Rare bat species discovered in Guernsey

  • Video of the lesser horseshoe bat, provided by Daniel Hargreaves.

A rare type of bat has been recorded for the first time in Guernsey.

The lesser horseshoe bat was discovered thanks to islanders sending their sightings to the Bailiwick Bat Survey.

The species was recorded on 13 and 14 April in St Martin.

Experts are trying to map out the location of bats in the Bailiwick. Credit: Daniel Hargreaves

Facts about lesser horseshoe bats:

  • They forage largely on broadleaved woodland and are known to actively avoid light.

  • The bats measure around the size of a plum and weigh under 10 grams.

  • The Bat Conservation Trust says numbers in the UK are increasing significantly – by an average of 4.5% yearly, but remain "incredibly rare".

The survey aims to map out the location of bats on the island so that they can be better understood, and protected.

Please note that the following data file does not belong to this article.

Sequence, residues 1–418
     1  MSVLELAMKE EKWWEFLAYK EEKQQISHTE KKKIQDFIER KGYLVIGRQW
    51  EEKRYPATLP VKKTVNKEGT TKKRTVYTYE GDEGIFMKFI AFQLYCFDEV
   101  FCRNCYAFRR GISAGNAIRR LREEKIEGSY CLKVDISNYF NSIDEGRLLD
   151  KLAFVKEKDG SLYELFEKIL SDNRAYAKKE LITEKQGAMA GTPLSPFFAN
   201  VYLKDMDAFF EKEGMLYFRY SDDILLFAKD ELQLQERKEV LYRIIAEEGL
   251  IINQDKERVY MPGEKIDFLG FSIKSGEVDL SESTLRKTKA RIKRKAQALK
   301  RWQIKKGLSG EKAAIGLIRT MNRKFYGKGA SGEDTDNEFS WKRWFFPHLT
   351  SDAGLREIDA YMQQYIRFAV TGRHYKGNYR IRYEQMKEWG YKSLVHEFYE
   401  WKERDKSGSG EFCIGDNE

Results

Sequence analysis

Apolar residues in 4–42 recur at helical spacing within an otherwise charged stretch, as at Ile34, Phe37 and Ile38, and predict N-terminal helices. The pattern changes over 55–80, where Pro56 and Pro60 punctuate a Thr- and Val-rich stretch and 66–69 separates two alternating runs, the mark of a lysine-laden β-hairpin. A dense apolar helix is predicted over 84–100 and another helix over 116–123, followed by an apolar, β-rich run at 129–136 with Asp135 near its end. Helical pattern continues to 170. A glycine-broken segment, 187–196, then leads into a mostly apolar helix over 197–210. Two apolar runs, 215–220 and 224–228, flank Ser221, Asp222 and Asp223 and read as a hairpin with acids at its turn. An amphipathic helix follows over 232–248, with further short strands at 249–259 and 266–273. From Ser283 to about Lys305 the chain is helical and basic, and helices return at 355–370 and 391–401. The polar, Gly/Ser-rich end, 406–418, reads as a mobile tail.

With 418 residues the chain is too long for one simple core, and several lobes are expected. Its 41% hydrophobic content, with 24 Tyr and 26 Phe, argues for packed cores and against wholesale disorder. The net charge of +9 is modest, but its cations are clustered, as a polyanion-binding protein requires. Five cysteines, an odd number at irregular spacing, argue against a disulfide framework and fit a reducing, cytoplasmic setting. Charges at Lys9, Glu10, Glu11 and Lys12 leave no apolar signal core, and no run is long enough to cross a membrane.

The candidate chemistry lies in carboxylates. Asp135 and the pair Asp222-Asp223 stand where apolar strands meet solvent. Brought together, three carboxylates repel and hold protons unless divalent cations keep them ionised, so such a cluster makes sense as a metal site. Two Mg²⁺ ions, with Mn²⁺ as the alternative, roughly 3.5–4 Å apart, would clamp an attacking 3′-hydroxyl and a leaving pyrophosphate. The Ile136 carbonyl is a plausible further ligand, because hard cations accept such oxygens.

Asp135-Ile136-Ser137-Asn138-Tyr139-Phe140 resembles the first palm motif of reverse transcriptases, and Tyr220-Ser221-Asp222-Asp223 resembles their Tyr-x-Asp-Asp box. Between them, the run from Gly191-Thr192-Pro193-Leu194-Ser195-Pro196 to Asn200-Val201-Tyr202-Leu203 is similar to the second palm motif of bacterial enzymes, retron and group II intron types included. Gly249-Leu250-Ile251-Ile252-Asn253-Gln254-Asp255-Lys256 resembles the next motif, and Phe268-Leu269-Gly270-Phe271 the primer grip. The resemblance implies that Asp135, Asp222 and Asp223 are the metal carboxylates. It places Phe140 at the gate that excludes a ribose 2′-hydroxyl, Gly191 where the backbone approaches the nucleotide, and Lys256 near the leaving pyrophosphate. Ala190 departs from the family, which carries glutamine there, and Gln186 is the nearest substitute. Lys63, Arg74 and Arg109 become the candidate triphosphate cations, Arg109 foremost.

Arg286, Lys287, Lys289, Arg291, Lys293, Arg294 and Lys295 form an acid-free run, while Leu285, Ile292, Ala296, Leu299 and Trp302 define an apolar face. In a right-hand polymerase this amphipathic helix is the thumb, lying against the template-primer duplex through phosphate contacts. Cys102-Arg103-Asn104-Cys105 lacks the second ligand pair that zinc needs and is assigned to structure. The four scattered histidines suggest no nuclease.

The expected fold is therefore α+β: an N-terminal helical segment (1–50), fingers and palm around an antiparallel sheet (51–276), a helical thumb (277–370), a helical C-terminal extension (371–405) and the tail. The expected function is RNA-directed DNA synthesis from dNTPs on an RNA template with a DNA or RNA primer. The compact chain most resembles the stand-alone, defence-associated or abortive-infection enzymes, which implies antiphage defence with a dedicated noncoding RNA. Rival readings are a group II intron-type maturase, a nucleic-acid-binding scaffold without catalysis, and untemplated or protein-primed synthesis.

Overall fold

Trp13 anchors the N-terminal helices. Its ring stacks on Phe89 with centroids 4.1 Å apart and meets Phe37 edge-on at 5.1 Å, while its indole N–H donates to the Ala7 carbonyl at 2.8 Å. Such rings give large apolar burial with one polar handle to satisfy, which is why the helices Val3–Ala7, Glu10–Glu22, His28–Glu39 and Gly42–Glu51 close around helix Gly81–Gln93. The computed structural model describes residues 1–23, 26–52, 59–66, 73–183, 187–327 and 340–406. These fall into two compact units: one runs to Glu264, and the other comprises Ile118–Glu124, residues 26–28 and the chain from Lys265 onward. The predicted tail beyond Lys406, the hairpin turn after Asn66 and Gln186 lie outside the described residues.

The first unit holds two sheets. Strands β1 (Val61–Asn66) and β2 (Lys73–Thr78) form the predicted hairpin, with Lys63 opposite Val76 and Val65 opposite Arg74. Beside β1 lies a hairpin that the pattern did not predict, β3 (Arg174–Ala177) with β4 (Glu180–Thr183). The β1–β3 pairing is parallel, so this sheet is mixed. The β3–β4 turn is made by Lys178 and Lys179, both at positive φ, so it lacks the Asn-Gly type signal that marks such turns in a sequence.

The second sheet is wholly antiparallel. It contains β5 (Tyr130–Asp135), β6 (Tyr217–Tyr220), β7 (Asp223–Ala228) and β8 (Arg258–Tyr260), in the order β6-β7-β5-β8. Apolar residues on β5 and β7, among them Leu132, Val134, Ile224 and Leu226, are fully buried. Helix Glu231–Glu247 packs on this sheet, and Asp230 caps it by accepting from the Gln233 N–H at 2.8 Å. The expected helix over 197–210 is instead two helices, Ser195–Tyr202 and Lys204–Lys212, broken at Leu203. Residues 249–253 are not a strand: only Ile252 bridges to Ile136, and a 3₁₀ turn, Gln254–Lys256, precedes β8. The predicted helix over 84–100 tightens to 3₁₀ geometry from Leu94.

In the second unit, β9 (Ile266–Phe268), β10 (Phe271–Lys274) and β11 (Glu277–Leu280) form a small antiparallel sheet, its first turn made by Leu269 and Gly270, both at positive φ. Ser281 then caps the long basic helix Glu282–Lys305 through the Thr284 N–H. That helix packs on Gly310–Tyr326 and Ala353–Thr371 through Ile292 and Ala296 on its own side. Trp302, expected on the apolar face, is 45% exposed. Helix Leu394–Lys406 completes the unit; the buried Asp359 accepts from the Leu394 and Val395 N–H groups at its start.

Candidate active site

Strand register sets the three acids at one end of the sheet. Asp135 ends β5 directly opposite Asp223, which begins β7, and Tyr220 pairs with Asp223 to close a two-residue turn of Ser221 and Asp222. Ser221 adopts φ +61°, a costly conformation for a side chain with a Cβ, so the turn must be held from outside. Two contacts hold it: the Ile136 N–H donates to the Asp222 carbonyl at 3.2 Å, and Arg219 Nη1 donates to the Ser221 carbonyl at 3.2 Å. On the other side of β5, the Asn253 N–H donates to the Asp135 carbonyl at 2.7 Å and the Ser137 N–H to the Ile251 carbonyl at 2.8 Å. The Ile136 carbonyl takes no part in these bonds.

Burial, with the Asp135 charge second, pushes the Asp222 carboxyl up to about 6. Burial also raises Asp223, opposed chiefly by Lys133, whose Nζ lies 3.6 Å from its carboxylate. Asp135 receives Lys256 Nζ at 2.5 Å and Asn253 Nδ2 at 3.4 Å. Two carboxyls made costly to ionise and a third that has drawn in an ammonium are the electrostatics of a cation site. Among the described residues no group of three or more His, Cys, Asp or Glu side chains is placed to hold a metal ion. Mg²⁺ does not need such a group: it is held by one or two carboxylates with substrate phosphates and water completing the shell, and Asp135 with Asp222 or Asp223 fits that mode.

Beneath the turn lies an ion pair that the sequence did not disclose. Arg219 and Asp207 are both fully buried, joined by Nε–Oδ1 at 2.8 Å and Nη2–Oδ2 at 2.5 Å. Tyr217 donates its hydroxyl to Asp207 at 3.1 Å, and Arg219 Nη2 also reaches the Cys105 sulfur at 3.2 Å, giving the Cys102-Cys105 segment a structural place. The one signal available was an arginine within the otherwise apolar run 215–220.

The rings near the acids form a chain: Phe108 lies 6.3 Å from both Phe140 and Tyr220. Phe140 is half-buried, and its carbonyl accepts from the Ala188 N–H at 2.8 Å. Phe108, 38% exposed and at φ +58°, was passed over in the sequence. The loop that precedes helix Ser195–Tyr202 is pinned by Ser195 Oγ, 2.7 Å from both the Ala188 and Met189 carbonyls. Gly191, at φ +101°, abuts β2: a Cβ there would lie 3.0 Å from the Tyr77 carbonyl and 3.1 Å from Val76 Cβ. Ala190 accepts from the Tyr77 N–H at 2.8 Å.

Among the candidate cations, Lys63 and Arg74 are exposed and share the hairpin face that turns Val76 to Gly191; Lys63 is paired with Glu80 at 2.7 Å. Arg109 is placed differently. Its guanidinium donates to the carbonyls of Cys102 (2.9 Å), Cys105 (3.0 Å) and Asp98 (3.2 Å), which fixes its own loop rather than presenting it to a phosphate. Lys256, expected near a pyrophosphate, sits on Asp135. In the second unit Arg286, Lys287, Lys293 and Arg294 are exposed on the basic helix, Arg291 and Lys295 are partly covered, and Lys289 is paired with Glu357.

It runs until the end of October, with volunteers invited to borrow detector kits from a number of 'bat centres', details of which can be found on the Bailiwick Bat Survey Facebook page.

Meanwhile, a bat detector is being made available for loan at Jersey Library. The Jersey Bat Group is working in partnership with the library to provide the equipment in the hope that it will help islanders learn more about local species. They say there has been an increase in the number of people who have wanted to "re-engage with nature" during the pandemic.